Many Centralians are familiar with Seminary Hill and its history. The hill and nature reserve are named for the large gothic style three story building which was built in 1889 atop the hill overlooking the town. It opened in 1890 and served as a non-denominational school which would prepare its students for college and have an emphasis on art and music. Just a few short years later, three to be exact, it closed its doors.
There is somewhat of a mystery surrounding it's closure aside from it happening during the economic collapse of 1883. Apparently, there was no trace of the school having occupied the building until much later. The building sat vacant until it reopened as Centralia General Hospital (Centralia's first hospital) in 1905. It sat vacant again from 1919 until the late 1930s when it was demolished to build the still standing National Guard Armory. In 2017 the Armory uncovered artifacts from the Seminary while working on a paving project. If you grew up in Centralia, you may have heard tales as a kid about the "haunted castle on the hill." The history and strangeness of the seminary's past, along with the armory itself which still stands, no doubt contributed to the idea of such a tale.
Not far from the armory upon the same hill you will find the Seminary Hill Natural Area - a protected natural area lovingly tended and preserved by the Friends of Seminary Hill Natural Area. Head East on Locust St. away from Tower Ave. for a few blocks and you will have arrived at the entrance to the natural area.
There is a place for parking and a beckoning trail head that starts off into the enchanted firs. Heading in, you are greeted by a sign with a descriptive map of the trails. The first part of the trail starts with a woodland staircase that looks something like out of an enchanted tale of elves and fairies or perhaps a location right out of a Tolkien novel. Going up you will see that you can take one of two directions. There are no wrong ways!
All ways will lead up past or behind the water reservoir. Once there, you will find a little bench to rest on along with a view of beautiful Centralia. (Though the trees have been somewhat obscuring in recent years) it is still a wonderful spot to rest and contemplate. All times of the year are good times to visit, but during the wetter months mud resistant shoes are advised. After a snow, the views and trails are positively magical and in the spring you will be met with so much green. Some trees that you will see are Douglas Fir, Western Red Cedar, Big Leaf Maple, Vine Maple and more. You will also notice plenty of ferns and in the spring, spots of the lovely white, three-leafed Trillium. Red berry and huckleberry as well as the very sour, oregon grape also grow under the canopy of trees. These trails are steep in places, but not overly so. They provide just the right amount of challenge while still being very doable for most. Dogs are welcome and this walk is kid friendly. The trails and hill area are constantly maintained by a group of volunteers, Friends of Seminary Hill, who year round ensure the area is clean and safe for families and individuals to explore.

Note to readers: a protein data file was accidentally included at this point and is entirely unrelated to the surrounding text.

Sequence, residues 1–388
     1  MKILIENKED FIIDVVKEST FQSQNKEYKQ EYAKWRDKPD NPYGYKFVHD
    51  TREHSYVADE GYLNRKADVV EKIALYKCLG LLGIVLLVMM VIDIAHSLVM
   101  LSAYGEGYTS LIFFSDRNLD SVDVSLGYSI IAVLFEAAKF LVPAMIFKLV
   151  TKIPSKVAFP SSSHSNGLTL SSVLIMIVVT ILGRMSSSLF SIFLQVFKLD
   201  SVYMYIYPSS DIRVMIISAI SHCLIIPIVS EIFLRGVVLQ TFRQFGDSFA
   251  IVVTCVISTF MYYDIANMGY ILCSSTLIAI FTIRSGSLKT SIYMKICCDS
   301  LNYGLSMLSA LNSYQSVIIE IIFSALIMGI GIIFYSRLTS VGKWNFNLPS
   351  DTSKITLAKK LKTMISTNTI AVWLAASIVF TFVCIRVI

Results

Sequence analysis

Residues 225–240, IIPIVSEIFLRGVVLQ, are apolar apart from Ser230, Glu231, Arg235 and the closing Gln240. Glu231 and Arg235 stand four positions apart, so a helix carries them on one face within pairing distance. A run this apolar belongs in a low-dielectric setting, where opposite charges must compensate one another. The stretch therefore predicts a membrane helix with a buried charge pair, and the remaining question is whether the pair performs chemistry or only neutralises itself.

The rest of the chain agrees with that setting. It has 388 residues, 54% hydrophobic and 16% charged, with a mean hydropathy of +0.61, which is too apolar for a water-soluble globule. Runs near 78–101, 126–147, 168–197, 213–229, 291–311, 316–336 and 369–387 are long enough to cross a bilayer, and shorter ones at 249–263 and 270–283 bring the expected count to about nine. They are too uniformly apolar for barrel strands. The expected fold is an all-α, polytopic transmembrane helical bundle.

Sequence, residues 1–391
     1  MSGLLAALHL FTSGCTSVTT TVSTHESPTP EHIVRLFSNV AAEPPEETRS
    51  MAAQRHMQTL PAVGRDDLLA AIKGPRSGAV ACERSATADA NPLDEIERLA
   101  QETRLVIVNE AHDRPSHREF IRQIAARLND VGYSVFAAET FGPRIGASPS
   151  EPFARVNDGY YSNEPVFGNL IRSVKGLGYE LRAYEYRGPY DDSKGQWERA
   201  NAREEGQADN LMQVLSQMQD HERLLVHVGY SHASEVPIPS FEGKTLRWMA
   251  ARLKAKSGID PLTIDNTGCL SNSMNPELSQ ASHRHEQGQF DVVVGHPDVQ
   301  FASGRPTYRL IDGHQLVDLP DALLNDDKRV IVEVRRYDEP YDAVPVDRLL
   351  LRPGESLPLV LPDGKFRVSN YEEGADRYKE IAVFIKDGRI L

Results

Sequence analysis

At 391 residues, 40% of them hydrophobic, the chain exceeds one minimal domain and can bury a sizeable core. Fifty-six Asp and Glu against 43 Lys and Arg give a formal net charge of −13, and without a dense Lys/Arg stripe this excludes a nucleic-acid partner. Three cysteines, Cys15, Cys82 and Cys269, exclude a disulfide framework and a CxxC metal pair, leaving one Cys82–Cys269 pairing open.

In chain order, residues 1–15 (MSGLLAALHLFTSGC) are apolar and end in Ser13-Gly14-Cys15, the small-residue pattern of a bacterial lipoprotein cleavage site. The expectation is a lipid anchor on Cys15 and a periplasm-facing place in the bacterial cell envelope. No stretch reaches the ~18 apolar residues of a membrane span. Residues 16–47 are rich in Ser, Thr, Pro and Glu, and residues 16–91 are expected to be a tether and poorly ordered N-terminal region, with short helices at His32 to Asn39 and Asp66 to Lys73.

The natural area hosts activities throughout the year put on by the Friends of the Seminary Hill Natural Area. There are nature walks and childrens activities, as well as music in the park and poetry events. Brian Mittge, president of the Friends of Seminary Hill, enthusiastically talks about the annual work party that happens on the last Saturday before Earth Day in April.
"We get all ages here - middle school, elementary, folks in their 70's and 80's show up to these work parties," said Brian. One of the focuses on these clean ups, is to pull invasive species such as English Holly and ivy. Much progress has been made in ridding the hillside woods of the invasive ivy which will choke out native trees and other plants. "Large patches of ivy are now gone," said Brian. "The native ground cover is making a strong come back." There will be refreshments at these work parties. "Quiznos provides sandwiches and we will always have coffee and cookies."
The Seminary Natural Hill area came to be a reserve when in the 1970's the city was going to log the 70 acres of forest. It was saved however, by the thousands of signatures of people from the community who loved the sylvan hillside and wanted to protect it from being logged. Even though the city owns the natural area, the Friends of Seminary Hill maintain it. The city provides wood chips for the trails along with other tools and necessities to help maintain the hillside, while Friends of Seminary hill and other volunteers lovingly tend to the needs of the area, ensuring that it will be a safe and pleasant experience for visitors. Here is an excellent example of a cohesive community coming together to preserve this beautiful piece of land for generations to come.
For more about the old seminary, visit the Lewis County Historical Museum on facebook, or better yet in person in Chehalis. More on the natural area and yearly events can be found by looking up Seminary Hill on facebook and @goseminaryhill on Instagram.